Magazine about Aviation, engineering and technology

Piper, Pratt & Whitney Canada Sign 10-Year Agreement.


 

English: Piper Seneca PA-34 at Bristol Airport...

English: Piper Seneca PA-34 at Bristol Airport, Bristol, England. Category:Images of Piper aircraft (Photo credit: Wikipedia)

 

Piper Aircraft, Inc. has reached a 10-year agreement with Pratt & Whitney Canada (P&WC) for the continuing purchase of PT6A-42A turboprop engines to power Piper’s flagship aircraft, the single-engine M-Class Meridian. P&WC is aUnited Technologies Corp. (NYSE:UTX) company.

 

Piper President and CEO Simon Caldecott announced the accord at a news conference on the first day of EAA AirVenture 2012, held here July 23-29.

 

“This agreement speaks to the long-standing and cooperative relationship we have with Piper,” said Denis Parisien, Vice President, General Aviation, P&WC. “We are very pleased to continue to work with Piper to meet its current and future engine needs, and we expect that this new agreement will set the stage for joint development work in the future.”

 

“The completion of this long-term agreement is a significant new milestone for us,” said Piper’s Caldecott. “It will ensure that our turboprop customers of the future will have a reliable and proven powerplant backed by world-class customer support.”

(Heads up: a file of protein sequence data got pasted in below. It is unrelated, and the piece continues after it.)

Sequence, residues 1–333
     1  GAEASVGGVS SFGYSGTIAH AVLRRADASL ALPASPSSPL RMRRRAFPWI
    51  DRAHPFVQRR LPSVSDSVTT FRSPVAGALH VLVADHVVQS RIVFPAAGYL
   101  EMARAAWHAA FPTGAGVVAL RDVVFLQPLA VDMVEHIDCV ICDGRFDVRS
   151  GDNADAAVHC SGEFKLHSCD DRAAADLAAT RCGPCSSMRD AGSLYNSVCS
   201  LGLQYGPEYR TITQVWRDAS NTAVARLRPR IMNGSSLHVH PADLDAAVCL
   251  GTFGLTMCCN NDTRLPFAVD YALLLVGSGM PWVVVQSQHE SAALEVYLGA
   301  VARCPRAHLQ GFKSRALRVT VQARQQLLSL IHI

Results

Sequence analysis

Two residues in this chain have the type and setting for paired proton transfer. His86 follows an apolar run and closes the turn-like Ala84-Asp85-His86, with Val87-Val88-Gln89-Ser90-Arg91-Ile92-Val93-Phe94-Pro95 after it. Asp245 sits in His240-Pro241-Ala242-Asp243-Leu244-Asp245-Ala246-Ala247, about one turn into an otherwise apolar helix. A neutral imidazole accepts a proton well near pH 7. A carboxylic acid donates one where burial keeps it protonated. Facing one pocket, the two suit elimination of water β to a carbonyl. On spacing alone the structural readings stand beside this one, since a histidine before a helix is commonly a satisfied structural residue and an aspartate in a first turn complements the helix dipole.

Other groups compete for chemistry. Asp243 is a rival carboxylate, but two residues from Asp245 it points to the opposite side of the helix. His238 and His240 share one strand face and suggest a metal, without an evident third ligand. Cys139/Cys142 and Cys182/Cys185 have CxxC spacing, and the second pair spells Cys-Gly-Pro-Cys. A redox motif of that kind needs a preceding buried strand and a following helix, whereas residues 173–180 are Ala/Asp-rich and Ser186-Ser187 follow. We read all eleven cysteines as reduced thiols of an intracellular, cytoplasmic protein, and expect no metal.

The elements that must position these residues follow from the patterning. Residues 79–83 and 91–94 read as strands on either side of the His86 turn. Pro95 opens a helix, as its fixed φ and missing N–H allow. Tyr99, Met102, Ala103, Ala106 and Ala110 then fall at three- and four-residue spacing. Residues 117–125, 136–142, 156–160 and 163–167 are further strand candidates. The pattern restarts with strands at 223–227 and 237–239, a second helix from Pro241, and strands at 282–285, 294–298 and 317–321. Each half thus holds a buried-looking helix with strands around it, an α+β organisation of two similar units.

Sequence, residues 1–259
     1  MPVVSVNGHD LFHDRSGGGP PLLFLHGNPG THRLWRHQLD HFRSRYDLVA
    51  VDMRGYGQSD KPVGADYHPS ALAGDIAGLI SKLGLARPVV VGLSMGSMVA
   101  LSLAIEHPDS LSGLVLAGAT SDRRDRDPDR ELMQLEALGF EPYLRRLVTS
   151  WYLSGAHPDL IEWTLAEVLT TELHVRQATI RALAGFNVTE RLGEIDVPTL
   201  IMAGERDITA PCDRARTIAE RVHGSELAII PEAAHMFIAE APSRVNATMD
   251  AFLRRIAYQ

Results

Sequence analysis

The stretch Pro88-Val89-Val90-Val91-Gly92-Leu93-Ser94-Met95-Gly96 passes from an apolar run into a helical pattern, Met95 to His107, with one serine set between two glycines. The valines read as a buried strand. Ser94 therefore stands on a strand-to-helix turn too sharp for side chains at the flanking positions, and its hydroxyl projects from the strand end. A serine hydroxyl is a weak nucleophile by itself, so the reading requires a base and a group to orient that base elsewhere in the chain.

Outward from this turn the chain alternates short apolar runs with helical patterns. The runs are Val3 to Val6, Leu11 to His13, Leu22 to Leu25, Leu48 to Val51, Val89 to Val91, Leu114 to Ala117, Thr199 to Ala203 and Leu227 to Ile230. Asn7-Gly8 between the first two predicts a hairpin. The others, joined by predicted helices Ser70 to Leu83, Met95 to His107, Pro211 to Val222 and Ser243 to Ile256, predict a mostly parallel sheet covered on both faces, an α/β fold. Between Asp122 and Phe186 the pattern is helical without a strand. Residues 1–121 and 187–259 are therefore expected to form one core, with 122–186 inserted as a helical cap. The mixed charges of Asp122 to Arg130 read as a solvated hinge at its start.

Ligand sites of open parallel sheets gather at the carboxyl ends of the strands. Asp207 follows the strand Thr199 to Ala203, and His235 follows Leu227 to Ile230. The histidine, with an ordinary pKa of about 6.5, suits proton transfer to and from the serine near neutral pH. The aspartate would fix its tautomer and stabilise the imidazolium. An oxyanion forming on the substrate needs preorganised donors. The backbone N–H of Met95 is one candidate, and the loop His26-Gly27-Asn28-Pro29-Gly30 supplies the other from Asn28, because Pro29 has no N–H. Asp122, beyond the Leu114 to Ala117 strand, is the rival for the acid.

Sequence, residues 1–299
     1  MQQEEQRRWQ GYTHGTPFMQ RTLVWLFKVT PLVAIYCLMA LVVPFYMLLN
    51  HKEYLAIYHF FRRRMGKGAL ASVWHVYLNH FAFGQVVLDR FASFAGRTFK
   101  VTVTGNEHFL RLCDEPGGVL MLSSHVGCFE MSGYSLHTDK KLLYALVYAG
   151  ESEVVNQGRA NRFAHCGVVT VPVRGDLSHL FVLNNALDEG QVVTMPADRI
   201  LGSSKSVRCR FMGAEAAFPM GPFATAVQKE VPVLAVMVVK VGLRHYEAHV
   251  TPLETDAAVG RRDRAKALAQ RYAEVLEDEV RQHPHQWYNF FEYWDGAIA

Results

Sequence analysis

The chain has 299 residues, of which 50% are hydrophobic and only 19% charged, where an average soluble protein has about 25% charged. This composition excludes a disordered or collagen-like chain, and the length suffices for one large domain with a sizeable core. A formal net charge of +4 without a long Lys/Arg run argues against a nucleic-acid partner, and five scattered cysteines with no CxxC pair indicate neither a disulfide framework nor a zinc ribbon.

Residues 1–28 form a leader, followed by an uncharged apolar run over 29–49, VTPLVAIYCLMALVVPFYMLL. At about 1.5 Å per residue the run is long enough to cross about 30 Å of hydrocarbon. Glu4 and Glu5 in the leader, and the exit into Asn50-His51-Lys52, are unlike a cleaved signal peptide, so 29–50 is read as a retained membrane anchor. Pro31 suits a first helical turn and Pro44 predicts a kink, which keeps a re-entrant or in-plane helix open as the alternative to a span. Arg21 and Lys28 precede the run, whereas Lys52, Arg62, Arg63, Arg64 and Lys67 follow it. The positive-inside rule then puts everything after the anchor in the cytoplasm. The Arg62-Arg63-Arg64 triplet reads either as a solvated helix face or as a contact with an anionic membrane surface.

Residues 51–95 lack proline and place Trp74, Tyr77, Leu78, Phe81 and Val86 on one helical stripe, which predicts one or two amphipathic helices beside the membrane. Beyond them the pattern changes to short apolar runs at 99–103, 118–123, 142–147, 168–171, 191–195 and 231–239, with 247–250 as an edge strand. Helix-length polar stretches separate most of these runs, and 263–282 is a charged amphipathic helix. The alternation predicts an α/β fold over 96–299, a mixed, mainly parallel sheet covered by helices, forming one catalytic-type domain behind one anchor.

500th Meridian Delivers This Year

 

P&WC and Piper have worked closely together since 2000 when the Malibu Meridian, forerunner of today’s M-Class Meridian, first entered the marketplace. Before the end of this year Piper will deliver its 500th P&WC-powered turboprop.

 

“PT6 engines are used by some 7,000 operators around the globe and stand as a testament to how P&WC reinvents its products to meet emerging customer needs.We have consistently taken advantage of aerodynamic and material technology advancements to enhance the performance of the PT6, and continually strive todeliver the highest value to our customers,” Parisien said.

 

There are currently more than 22,000 PT6A engines in operation today, and the engine has booked a remarkable 335 million hours of flight. From flying in the Antarctic at 75 degrees below zero to supporting environmental efforts in reforestation programs, the PT6 engine and its adaptability continue to earn the respect and loyalty of pilots worldwide.

 

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